In April 2018, the planet-hunting satellite was launched. To date, the mission team has discovered over 2,600 planets and has identified more than 100 exoplanets that need to be confirmed. Publicly available TESS data is used by volunteer citizen scientists to search through graphs that show the brightness of stars being observed by the satellite called light curves. If any of the stars show a dip in brightness, it could mean that a planet has passed in front of the star during orbit, which is called a transit.
If multiple people submit the same light curve for researchers to analyze, an algorithm collects them. This way, they have exoplanet candidates they can follow up on. These light curves help to have human eyes because computers cannot correctly identify potential planets as other phenomena can be easily mistaken for planets.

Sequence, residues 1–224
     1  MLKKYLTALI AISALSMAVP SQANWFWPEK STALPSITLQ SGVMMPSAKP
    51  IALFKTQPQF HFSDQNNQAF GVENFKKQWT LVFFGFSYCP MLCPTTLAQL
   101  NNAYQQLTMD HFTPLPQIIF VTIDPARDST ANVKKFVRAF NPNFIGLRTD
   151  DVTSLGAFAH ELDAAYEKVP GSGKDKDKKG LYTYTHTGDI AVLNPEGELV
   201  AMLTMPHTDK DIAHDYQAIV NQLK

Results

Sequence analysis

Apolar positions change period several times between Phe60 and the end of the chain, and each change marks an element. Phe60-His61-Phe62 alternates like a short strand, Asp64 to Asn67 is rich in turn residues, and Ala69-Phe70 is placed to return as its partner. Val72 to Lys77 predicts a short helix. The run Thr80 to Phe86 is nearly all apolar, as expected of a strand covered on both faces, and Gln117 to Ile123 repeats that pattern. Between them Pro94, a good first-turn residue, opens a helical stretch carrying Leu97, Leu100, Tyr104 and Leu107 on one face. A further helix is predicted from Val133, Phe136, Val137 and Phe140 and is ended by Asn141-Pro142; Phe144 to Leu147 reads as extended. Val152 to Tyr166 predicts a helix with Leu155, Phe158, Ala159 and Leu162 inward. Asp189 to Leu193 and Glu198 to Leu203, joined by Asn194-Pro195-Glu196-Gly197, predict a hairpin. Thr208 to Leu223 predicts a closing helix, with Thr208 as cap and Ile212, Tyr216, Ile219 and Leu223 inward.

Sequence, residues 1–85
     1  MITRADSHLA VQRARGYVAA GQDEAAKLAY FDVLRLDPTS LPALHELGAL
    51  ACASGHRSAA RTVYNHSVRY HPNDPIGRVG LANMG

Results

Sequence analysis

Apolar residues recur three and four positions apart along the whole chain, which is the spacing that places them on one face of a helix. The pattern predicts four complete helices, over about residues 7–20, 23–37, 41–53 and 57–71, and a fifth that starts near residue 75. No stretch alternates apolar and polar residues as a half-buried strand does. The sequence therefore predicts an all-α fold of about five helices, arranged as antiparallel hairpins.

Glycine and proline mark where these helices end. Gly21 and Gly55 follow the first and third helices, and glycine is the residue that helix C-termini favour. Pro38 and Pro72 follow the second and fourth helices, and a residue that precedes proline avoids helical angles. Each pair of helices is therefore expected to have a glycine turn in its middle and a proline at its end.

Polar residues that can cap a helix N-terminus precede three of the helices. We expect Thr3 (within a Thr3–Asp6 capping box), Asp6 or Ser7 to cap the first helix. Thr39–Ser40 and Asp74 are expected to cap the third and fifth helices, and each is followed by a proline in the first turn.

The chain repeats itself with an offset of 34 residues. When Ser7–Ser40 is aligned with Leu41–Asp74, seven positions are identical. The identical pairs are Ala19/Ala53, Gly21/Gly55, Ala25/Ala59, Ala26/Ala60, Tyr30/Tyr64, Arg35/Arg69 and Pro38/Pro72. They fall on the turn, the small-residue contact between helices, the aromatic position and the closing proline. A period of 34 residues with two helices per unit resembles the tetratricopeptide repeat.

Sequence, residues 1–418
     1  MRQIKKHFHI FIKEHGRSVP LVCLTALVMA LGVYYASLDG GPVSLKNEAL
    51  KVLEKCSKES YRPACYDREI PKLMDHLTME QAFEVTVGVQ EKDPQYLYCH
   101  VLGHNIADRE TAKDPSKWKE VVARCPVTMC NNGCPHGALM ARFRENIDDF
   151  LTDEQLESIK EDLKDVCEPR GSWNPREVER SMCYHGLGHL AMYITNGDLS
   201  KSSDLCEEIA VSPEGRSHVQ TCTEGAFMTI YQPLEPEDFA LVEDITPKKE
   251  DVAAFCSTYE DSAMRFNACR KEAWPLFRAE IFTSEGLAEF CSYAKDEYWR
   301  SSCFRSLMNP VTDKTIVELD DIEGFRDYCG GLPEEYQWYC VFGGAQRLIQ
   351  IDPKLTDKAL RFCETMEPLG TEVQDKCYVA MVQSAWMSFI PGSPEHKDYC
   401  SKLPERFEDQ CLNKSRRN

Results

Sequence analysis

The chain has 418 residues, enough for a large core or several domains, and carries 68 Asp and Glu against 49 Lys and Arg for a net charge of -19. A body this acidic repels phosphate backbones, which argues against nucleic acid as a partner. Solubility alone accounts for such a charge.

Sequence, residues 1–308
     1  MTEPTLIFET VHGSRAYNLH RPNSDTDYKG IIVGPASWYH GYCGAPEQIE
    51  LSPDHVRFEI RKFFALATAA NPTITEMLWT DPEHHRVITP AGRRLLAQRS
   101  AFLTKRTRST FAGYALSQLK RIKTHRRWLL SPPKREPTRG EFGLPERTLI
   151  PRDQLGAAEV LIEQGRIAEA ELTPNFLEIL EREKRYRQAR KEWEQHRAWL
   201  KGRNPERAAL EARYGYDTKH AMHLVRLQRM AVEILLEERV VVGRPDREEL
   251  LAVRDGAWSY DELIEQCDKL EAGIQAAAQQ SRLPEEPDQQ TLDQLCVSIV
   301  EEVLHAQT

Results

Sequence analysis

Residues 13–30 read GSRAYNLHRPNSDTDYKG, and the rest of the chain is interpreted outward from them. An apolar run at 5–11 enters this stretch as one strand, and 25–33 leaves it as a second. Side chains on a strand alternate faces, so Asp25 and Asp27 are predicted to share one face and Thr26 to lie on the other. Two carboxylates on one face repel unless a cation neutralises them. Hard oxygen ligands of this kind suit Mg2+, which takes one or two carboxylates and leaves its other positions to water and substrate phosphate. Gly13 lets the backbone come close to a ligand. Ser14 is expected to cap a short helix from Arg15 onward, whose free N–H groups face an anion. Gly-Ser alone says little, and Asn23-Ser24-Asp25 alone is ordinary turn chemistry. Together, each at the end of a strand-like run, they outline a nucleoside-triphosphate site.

The researchers analyzed the information collected by citizen scientists about HD 152843 and compared it with Models. They found out that two transit were made by the planet closest to the star, planet b, while a third observed transit likely came from the outer planet, planet c. Follow-up observations of the star were made using the High Accuracy Radial velocity Planet Searcher for the Northern hemisphere, at the Telescopio Nazionale Galileo in La Palma, Spain, or the Extreme Precision Spectrometer instrument at Lowell Observatory in Flagstaff, Arizona, and HARPS-N.
Using the radial velocity method provided further confirmation of the planets, which tracks the wobble of starlight as planets orbit a star. Both the planets are too gaseous and hot to support life.